Important:

This article is for information purposes only.

Please remember that financial investments may rise or fall and past performance does not guarantee future performance in respect of income or capital growth; you may not get back the amount you invested.

There is no obligation to purchase anything but, if you decide to do so, you are strongly advised to consult a professional adviser before making any investment decisions.

U.K. risk transfer market will continue to flourish in 2021

Consultants

Consultants expect that at least £30 billion in risk transfer deals will materialize across the U.K. over the course of 2021

The risk transfer market in the U.K. will continue to flourish in 2021 as an increase in U.K. long-term interest rates in the first quarter resulted in improved funding levels for many defined benefit funds, consultants said.

Over the course of 2021, consultants expect that at least £30 billion in risk transfer deals will materialize across the U.K. The ultimate opportunity set could be closer to the £60 billion mark, conditional upon some plan sponsors moving ahead with exceptionally large longevity swaps and buy-in transactions or alternative strategies such as capital-backed journey plans, consultants said.

But the year will belong to buyouts, consultants believe, as insurance companies have been improving their capabilities and capacity to insure the liabilities linked to plan participants that are yet to retire, known as deferred participants.

My expectation is that 2021 will be another busy year. It is hard to predict exact volumes, which can be swayed one way or the other. My best guess today is that we will see similar volumes to last year in excess of £30 billion, said James Mullins, partner and head of risk transfer at U.K. consultant Hymans Robertson LLP in Birmingham, England, referring to the buy-in/buyout opportunity set.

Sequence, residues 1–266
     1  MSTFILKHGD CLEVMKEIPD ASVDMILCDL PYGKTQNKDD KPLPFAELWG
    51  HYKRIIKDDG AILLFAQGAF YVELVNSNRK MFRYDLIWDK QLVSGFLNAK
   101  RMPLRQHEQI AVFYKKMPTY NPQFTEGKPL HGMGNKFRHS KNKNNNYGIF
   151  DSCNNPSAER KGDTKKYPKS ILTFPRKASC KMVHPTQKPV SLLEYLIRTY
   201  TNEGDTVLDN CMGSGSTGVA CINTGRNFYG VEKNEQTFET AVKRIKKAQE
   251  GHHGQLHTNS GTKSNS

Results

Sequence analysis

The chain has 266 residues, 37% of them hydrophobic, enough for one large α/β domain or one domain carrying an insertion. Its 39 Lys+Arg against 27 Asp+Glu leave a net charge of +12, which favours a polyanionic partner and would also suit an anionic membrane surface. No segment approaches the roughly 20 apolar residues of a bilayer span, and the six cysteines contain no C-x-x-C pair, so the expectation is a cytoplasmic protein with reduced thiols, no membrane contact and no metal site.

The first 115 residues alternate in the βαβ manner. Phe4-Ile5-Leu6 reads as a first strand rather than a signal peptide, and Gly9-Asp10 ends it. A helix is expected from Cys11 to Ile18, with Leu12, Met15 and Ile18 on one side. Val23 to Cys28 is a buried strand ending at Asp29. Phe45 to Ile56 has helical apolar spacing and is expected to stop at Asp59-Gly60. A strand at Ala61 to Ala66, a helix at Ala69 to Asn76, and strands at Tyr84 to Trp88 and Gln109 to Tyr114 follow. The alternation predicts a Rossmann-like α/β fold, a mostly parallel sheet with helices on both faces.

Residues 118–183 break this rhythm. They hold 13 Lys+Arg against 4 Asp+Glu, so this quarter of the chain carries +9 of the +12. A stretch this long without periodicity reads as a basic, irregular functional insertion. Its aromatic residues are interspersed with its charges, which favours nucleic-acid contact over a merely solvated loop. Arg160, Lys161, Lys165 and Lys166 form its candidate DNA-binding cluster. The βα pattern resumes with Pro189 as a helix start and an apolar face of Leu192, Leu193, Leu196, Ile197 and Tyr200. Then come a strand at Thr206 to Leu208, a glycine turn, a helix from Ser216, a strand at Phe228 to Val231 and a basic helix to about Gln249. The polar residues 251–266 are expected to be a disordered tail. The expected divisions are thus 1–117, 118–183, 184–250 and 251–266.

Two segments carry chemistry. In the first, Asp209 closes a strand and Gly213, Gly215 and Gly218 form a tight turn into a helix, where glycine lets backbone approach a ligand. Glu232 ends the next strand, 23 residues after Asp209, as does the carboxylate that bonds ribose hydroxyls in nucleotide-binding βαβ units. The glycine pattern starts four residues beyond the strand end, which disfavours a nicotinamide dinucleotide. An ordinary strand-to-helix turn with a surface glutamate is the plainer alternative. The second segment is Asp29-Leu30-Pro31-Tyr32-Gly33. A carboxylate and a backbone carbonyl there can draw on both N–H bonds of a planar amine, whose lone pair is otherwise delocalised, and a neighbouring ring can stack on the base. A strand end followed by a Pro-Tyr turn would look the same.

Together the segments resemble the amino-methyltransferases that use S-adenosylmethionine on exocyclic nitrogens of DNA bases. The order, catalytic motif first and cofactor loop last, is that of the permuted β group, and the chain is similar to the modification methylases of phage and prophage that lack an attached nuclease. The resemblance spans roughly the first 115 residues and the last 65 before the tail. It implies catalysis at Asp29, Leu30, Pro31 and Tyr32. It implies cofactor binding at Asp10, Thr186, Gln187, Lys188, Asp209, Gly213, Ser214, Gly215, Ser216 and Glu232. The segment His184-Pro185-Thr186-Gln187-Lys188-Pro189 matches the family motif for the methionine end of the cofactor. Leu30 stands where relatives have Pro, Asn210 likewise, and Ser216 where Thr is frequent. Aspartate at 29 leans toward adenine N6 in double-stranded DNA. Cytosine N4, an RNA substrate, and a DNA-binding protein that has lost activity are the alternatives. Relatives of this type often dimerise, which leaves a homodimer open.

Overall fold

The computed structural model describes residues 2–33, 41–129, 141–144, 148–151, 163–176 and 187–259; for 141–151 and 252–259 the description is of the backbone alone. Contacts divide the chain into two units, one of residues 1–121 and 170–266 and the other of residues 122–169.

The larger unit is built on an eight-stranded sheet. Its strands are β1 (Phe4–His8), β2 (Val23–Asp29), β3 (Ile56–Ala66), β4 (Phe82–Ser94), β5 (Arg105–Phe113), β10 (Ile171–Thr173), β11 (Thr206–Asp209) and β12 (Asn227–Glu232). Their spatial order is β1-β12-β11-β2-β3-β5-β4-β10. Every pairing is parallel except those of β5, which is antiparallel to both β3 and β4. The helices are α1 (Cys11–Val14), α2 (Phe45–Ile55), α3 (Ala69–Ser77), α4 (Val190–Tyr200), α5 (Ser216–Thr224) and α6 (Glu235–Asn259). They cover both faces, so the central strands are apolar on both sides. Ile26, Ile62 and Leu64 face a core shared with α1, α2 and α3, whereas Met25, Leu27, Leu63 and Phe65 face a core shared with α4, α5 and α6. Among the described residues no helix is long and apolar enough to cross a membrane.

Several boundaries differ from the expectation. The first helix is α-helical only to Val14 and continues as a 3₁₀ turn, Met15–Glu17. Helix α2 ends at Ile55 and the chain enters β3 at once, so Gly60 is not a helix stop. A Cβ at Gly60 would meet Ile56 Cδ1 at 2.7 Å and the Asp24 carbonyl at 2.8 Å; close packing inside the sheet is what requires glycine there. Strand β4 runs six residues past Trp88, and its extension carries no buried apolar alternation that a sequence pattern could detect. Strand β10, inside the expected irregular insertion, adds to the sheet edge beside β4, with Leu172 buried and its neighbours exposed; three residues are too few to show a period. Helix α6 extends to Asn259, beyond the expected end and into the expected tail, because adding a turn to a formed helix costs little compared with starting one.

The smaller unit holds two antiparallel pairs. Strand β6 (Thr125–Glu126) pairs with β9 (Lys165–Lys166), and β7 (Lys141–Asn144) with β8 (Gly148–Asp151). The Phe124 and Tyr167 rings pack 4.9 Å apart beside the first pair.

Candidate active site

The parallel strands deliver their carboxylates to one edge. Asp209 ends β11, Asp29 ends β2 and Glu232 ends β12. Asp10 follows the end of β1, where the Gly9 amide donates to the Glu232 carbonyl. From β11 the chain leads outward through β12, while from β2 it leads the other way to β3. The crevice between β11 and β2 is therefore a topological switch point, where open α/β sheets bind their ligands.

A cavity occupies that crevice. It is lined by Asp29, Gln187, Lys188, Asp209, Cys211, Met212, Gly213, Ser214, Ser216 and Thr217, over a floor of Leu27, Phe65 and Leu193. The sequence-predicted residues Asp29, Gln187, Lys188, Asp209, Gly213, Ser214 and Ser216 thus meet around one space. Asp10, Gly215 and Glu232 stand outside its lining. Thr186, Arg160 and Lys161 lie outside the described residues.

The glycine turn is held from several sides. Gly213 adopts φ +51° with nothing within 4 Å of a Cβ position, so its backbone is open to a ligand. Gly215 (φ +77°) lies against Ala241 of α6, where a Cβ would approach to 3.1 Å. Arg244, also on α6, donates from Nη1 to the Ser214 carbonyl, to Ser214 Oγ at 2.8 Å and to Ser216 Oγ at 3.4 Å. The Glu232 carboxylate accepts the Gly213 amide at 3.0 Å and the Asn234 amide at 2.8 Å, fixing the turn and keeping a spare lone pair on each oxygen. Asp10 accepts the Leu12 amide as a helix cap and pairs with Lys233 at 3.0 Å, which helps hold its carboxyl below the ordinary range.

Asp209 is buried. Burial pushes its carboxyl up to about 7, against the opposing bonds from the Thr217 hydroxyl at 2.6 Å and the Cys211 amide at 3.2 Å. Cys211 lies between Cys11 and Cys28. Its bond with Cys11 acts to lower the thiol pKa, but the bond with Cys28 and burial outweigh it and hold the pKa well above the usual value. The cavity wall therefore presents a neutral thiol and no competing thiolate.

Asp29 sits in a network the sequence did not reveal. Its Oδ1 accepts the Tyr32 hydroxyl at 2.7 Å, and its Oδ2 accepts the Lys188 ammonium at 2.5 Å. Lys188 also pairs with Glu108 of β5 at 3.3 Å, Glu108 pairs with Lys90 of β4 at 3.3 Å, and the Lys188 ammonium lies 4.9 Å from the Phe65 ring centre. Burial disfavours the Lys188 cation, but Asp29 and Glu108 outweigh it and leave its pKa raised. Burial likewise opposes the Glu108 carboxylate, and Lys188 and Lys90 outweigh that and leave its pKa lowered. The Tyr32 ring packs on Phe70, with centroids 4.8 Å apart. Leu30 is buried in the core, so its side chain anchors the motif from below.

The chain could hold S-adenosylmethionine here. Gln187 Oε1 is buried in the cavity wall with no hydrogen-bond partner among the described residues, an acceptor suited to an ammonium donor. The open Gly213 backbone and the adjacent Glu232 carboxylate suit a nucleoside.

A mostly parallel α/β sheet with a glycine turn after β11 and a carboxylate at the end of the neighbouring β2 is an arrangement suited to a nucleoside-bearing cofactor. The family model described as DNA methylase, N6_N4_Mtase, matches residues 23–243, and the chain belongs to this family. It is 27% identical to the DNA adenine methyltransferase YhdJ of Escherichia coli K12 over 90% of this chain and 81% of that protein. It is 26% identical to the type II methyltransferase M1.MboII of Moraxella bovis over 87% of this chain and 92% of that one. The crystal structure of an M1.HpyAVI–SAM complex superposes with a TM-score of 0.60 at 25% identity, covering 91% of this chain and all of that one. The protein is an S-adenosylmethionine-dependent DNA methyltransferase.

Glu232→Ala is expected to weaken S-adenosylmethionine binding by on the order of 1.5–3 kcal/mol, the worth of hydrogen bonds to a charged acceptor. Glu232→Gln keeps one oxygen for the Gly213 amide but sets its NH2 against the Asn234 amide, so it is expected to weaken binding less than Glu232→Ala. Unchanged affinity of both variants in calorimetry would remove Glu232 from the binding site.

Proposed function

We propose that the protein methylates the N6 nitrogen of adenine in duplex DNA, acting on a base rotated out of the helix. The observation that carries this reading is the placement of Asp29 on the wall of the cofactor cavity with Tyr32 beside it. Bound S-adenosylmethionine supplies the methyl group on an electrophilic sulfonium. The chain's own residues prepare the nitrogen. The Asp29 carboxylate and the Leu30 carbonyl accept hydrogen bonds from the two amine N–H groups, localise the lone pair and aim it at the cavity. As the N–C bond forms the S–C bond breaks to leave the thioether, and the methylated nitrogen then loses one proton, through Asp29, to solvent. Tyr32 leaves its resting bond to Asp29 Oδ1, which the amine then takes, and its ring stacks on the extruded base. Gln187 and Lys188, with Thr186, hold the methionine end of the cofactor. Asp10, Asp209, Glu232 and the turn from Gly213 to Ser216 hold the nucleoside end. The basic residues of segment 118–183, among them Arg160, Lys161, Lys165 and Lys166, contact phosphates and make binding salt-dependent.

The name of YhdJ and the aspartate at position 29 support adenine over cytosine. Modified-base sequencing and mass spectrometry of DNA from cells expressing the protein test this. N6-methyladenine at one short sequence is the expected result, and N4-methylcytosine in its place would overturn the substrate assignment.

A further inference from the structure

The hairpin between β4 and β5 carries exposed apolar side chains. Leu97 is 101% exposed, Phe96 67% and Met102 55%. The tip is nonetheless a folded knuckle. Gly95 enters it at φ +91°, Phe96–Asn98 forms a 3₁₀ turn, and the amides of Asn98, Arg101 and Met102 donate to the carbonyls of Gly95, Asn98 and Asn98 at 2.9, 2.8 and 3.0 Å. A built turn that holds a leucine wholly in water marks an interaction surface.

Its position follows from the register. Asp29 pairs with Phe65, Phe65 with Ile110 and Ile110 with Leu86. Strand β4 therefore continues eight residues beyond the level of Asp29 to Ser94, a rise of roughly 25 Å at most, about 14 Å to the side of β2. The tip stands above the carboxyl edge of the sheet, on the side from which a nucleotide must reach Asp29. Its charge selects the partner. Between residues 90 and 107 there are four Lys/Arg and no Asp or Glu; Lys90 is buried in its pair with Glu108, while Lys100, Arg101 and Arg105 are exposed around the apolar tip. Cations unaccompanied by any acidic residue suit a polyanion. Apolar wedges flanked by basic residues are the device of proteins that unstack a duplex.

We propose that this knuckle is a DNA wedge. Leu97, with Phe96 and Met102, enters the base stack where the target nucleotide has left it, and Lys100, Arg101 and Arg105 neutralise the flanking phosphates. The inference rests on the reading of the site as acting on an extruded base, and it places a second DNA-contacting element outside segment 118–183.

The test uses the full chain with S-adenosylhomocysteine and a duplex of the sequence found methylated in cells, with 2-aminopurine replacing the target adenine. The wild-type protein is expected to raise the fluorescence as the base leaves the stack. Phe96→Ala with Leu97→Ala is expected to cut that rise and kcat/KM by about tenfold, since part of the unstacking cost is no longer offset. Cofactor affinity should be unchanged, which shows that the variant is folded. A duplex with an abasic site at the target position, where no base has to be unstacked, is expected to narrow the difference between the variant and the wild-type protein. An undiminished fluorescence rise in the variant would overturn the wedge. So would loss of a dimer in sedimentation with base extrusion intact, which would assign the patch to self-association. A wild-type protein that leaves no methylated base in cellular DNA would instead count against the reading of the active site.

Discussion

The value of buy-ins and buyouts in 2020 was £31.8 billion, while a record £24.2 billion in longevity swaps drove the total deal value to £56 billion.

Hymans Robertson’s Mr. Mullins, who noted that an increase in the number of plans moving to a buyout could be in the cards this year, said the last few months have been very positive for pension funds due to improving funding levels combined with an improved ability to afford risk transfer.

We will see more and more schemes being able to afford insuring all of their liabilities, he said, adding that plans could move with buyouts outright or could continue their derisking journey to a full buyout under existing buy-in contracts. Under these so-called umbrella contracts in the U.K., plan sponsors pre-agree terms with insurers for future risk transfer deals, allowing them to move quickly when market conditions are advantageous for such transactions.

Schemes that have already done buy-ins are ahead of the game on risk management and they on average tend to have better funding levels, Mr. Mullins said.

Gavin Markham, partner and head of bulk annuities at U.K. consultant Barnett Waddingham LLP in London, agreed with Mr. Mullins that 2021 volumes could reach between £30 billion and £35 billion as the financial positions of U.K. plans have improved in the first quarter of the year. Schemes may not have been as well-hedged against the movement of interest rates. That position would have moved favourably for them, he said.

Over the first quarter of the year, long-term interest rates have risen significantly with gilt/swap yields increasing by around 60 or 70 basis points and were back toward the levels at the start of 2020, Mr. Markham noted.

Fifteen-year gilt spot rates were 0.5% as of Dec. 31, and have since more than doubled to 1.2%.

In addition to improving funding levels, deal pricing continues to be favourable for U.K. plan sponsors, consultants agreed, even if discounts found in the second quarter of last year are no longer available.

Important:

This article is for information purposes only.

Please remember that financial investments may rise or fall and past performance does not guarantee future performance in respect of income or capital growth; you may not get back the amount you invested.

There is no obligation to purchase anything but, if you decide to do so, you are strongly advised to consult a professional adviser before making any investment decisions.